Monday, June 18, 2012

Time to cut back the Asters

Driveway garden before cutting back...
If you are growing tall native asters or goldenrods, mid-June is a good time to cut them back by a third to a half.  This will give more blooms on a slightly shorter plant.  It also reduces the tendency of these plants to flopping over.  I did this yesterday in this driveway garden.  Prairie Aster (Symphyotrichum turbinellum) dominates the right side of this planting.  Cutting back not only reduces flopping, it also makes it easier to see some of the other plants, like purple coneflower and common milkweed.  

After cutting back its easier to see the shorter flowers
I have cut back asters as late as the end of June.  Goldenrods can get the same treatment, but I found that I severely reduced the number of flowers on the early blooming Stiff Goldenrod (Solidago rigida) by cutting back too late in the season.  The later blooming Seaside Goldenrod (S. sempervirens) did just fine.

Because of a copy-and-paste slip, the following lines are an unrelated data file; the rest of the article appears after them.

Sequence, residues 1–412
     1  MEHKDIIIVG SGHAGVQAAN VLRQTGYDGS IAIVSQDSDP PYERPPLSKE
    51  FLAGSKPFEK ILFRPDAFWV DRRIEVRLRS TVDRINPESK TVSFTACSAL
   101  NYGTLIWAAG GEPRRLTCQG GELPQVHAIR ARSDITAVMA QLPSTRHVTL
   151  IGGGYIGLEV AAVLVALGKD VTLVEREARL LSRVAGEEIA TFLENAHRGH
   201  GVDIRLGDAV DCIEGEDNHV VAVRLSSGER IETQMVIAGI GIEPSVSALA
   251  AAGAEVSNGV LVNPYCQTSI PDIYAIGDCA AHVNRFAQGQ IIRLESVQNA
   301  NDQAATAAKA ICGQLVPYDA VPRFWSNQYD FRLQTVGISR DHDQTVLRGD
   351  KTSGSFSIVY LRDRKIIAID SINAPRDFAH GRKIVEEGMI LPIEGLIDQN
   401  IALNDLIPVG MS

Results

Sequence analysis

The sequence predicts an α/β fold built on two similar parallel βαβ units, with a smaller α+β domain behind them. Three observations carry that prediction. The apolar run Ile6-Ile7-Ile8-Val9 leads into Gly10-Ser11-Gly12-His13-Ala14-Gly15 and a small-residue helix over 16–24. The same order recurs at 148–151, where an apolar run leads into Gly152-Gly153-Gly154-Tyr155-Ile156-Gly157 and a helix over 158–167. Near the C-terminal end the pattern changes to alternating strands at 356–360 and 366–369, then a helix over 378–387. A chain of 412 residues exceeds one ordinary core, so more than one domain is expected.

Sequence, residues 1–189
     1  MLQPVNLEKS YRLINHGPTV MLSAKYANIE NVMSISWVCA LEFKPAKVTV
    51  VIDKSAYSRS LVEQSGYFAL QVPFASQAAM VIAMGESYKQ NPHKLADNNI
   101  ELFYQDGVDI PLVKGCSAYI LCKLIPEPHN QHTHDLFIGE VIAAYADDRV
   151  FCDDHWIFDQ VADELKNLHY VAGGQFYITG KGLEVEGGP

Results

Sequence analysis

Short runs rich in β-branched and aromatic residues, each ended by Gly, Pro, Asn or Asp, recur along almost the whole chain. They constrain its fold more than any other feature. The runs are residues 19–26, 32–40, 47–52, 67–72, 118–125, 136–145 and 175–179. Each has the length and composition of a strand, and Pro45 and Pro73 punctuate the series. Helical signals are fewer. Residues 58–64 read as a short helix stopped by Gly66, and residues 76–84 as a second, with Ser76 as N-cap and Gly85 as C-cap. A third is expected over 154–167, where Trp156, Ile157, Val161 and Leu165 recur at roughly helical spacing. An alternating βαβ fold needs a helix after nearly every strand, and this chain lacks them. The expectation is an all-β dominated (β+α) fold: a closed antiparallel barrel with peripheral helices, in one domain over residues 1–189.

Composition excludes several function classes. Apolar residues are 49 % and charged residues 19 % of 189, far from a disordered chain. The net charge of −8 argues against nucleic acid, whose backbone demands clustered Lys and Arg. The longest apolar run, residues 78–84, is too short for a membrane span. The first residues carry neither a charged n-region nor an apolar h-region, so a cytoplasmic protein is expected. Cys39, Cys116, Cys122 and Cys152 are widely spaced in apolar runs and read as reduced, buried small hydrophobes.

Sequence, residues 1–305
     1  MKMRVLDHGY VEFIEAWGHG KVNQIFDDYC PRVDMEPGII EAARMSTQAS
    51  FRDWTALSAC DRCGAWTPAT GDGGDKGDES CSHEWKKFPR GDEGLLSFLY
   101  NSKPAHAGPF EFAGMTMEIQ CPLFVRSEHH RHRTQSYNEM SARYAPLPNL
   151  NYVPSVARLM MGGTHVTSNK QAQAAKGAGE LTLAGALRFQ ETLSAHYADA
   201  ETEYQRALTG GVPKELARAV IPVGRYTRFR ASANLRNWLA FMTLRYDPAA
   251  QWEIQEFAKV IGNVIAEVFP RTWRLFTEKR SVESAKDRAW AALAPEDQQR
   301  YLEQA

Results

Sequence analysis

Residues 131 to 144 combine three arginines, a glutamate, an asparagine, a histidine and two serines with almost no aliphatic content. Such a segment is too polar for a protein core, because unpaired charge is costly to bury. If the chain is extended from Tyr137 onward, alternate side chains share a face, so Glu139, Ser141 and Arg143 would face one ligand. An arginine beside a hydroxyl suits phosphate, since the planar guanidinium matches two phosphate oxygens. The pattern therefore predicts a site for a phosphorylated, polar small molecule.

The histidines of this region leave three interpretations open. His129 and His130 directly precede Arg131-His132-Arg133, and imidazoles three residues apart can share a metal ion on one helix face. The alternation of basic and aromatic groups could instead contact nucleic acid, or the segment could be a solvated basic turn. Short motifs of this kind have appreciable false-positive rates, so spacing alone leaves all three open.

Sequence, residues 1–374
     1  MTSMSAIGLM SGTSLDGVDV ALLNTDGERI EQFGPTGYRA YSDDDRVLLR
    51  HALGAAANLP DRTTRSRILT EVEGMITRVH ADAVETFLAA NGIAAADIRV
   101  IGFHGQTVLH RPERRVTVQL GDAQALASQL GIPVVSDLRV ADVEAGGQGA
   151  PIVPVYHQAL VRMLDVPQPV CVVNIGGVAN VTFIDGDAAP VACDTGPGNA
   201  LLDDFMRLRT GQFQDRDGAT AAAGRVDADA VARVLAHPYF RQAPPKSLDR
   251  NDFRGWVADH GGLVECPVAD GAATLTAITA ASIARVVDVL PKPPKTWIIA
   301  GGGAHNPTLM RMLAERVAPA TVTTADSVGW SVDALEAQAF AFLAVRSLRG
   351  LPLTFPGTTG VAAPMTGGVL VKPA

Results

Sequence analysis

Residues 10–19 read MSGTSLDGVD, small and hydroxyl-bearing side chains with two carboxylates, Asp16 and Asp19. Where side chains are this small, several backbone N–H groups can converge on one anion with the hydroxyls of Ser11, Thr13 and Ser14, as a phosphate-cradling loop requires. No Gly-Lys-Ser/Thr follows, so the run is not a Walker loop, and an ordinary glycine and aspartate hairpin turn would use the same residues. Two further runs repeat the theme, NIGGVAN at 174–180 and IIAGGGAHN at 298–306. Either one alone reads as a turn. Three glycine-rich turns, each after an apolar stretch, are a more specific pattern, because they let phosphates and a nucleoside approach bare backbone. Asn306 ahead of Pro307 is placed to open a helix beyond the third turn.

Two stalks of Canada Toadflax

As I was cutting back these fall bloomers I noticed several clumps of the native Canada Toadflax (Nuttalanthus canadensis, formerly Linaria canadensis) in bloom.  I have been seeing these along the highway since the beginning of June, but this is the first time I have been moving slow enough to get a good look.  They usually show up in large masses and can look like a pale blue cloud while driving by.

This winter annual or biennial wildflower grows in full sun and rocky soils where they have little competition from other plants.  The one in this photo was growing right on the edge of the asphalt, despite having much better soil nearby.

Close-up of Toadflax flower